Thorium Reactors: Fact and Fiction
Thorium reactors aren't the panacea some claim they are, but their benefits over light water reactors are many.
The next-generation nuclear reactors on today's drawing boards are radically different from the ones you're familiar with, and they're absolutely essential if we want any hope of limiting global warming.
Thorium-powered nuclear reactors are all the rage, with a nearly cult-like following online. How much of that is justified? Turns out a lot of it, some of it, not so much.
The major difference is that thorium is typically used in a reactor with no solid core, called a Liquid Fluoride Thorium Reactor (LFTR for short). The fuel and the coolant are the same fluid, consisting of molten salts in which the fissile and fertile elements are dissolved. The reactors actually in use around the world are old designs that use uranium solid fuel rods cooled by water, called Light Water Reactors (LWR for short).
We did have prototype LFTRs working in the old days, but LWRs are what went into worldwide production, leaving us with clunky designs capable of meltdowns and that produce hazardous nuclear waste. The rage around LFTRs claims that they do neither, and rely on cheap, abundant thorium instead of rare and expensive uranium.
Claim #1: Thorium reactors cannot melt down.
This is absolutely fact! They have to already be molten to function. In fact, we have to work to keep the reaction going; if we stop adding thorium, they cool naturally; physics provides no way that their heat can get out of control in the way a LWR can.
Claim #2: All nuclear reactors produce dangerous waste.
This is a fact with LWRs; their fuel rods have to be discarded when 98% of their radioactivity still remains, requiring them to be stored for centuries as high-level radioactive waste. But the fuel in LFTRs is completely burned by the time it comes out. That waste is almost totally inert and almost all of it can be recycled into useful industrial materials.
Claim #3: Thorium is cheaper and more abundant than uranium and will last us nearly forever.
This is only a fact in some parts of the world. In other places like China, uranium is more abundant and easier to get.
Claim #4: LFTRs were suppressed by the government in favor of LWRs because they can't produce plutonium for nuclear weapons.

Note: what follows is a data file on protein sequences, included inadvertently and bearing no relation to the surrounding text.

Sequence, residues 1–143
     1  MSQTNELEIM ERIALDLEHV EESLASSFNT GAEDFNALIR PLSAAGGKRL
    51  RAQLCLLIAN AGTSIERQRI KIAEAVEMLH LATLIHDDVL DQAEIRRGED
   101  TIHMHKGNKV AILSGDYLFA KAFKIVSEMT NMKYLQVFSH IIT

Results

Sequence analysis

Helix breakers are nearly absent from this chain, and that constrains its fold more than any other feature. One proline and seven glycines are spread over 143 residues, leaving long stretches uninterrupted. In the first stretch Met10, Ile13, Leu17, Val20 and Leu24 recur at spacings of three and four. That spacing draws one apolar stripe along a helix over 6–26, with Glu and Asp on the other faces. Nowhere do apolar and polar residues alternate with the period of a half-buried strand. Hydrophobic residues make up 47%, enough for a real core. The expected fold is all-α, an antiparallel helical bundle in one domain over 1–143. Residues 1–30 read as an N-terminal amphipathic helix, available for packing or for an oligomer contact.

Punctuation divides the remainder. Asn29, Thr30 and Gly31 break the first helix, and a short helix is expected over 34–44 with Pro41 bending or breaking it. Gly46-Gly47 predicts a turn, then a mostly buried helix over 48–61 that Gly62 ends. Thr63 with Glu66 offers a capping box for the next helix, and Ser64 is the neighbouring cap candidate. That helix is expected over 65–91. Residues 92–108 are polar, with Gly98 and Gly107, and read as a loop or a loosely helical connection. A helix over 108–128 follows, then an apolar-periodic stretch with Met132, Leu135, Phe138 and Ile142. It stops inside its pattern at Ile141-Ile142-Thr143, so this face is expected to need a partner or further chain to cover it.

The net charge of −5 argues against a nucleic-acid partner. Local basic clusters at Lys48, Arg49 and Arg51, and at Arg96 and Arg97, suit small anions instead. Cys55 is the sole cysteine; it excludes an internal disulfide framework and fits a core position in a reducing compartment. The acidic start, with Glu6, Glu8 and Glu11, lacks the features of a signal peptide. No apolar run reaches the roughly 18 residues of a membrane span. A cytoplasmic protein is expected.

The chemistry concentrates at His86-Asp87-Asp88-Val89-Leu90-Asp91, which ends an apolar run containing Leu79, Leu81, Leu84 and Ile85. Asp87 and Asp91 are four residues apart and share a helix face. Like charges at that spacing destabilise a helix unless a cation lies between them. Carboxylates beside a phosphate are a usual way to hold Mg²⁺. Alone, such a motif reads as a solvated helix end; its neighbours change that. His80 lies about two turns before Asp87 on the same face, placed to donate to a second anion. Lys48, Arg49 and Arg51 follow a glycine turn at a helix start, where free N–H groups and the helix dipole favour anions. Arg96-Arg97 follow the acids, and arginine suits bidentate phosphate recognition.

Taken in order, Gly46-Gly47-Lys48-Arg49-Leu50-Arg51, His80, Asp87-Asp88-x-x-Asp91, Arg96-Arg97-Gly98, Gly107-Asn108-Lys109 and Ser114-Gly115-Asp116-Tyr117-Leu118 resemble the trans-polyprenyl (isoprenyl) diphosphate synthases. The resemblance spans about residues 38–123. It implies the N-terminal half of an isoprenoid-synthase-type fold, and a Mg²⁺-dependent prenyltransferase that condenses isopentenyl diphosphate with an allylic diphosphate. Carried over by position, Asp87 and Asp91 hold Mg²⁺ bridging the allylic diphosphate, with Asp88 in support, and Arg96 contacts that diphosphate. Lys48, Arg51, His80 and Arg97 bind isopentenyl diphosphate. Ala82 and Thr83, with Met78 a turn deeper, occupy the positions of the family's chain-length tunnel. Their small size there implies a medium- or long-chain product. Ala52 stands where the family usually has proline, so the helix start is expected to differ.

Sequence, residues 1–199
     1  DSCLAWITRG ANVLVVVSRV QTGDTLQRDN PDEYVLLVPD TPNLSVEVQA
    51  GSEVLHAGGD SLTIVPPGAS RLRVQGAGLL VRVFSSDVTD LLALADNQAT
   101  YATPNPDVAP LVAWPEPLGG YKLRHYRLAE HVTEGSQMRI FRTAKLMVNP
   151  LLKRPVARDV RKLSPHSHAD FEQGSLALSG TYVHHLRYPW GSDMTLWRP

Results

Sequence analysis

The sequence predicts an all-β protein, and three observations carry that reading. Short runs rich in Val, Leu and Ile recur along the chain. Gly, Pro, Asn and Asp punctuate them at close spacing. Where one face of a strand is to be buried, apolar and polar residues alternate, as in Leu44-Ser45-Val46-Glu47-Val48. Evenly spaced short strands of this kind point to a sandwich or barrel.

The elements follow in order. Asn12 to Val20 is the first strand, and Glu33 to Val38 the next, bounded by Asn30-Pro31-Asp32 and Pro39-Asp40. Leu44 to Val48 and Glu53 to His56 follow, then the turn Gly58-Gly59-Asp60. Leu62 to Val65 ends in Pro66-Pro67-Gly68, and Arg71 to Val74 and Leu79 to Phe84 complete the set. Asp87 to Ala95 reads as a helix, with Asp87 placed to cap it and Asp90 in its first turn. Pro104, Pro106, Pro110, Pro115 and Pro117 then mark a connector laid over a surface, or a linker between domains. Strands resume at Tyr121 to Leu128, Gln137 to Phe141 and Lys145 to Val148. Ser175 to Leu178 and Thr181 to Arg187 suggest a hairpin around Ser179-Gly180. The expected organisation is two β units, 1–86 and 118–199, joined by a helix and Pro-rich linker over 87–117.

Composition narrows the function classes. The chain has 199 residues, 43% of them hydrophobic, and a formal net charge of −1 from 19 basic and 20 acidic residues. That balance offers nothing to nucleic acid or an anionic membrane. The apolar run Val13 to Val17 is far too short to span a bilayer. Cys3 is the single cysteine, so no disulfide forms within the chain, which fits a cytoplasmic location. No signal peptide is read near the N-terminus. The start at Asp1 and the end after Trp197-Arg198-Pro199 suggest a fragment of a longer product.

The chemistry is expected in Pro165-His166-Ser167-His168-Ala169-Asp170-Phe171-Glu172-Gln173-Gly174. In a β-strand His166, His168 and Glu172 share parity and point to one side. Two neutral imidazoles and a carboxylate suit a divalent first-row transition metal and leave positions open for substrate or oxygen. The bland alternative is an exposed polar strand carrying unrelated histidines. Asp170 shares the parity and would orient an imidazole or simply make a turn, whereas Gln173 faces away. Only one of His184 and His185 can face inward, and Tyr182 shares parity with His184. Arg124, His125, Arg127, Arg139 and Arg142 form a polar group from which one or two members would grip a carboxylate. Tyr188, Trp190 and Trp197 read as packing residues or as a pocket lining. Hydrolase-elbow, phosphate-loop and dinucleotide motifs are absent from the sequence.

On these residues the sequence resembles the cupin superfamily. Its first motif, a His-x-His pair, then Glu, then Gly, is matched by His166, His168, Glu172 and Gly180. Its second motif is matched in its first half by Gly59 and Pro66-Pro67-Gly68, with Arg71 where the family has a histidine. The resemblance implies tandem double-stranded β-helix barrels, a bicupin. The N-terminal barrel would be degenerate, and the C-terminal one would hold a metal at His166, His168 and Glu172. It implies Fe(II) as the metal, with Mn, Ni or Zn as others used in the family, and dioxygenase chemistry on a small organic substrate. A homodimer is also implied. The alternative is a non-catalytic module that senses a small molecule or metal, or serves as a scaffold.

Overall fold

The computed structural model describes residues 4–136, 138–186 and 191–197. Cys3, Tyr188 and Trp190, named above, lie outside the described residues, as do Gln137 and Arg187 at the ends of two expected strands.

This mostly a false conspiracy theory; neither LFTRs nor LWRs are very good at producing plutonium. That's much more efficiently done in a special reactor designed for that purpose, older simpler machines called production reactors, of which only a few still exist.
The real reason LFTRs are not in widespread use is that in the early days of reactor development, they were more complicated and too expensive, and it was easier to put LWRs into production. Now after many decades, we have a solid infrastructure surrounding the LWR industry -- including major industrial and utility commitments, manufacturing and operating experience, and all the attending inertia.
Every credible plan to limit global warming to below about 2.5°C requires zero-carbon nuclear power to be a big part of the equation. If you want it safer and cleaner than ever, join the club of fanboys in support of thorium LFTR reactors.
— Brian Dunning
References & Further Reading
Editors. "Breeder Reactor." RationalWiki. RationalMedia Foundation, 25 Apr. 2011. Web. 16 Jan. 2017. <http://rationalwiki.org/wiki/Breeder_reactor>
Kasten, P., Bettis, E., Bauman, H., Carter, W., McDonald, W., Robertson, R., Westsik, J. Summary of Molten-Salt Breeder Reactor Design Studies. Oak Ridge: US Atomic Energy Commission, 1966.
Rosenthal, M. An Account of Oak Ridge National Laboratory's Thirteen Nuclear Reactors. Oak Ridge: US Atomic Energy Commission, 2009.
Touran, N. "Myths and Misconceptions about Thorium Nuclear Fuel." Whatisnuclear.com. Whatisnuclear.com, 1 Feb. 2014. Web. 16 Jan. 2017. <https://whatisnuclear.com/articles/thorium_myths.html>
USAEC. An Evaluation of the Molten Salt Breeder Reactor. Washington DC: US Atomic Energy Commission, 1972. 49.
WNA. "The Nuclear Fuel Cycle." Information Library. World Nuclear Association, 1 Jun. 2016. Web. 16 Jan. 2017. <http://www.world-nuclear.org/information-library/nuclear-fuel-cycle/introduction/nuclear-fuel-cycle-overview.aspx>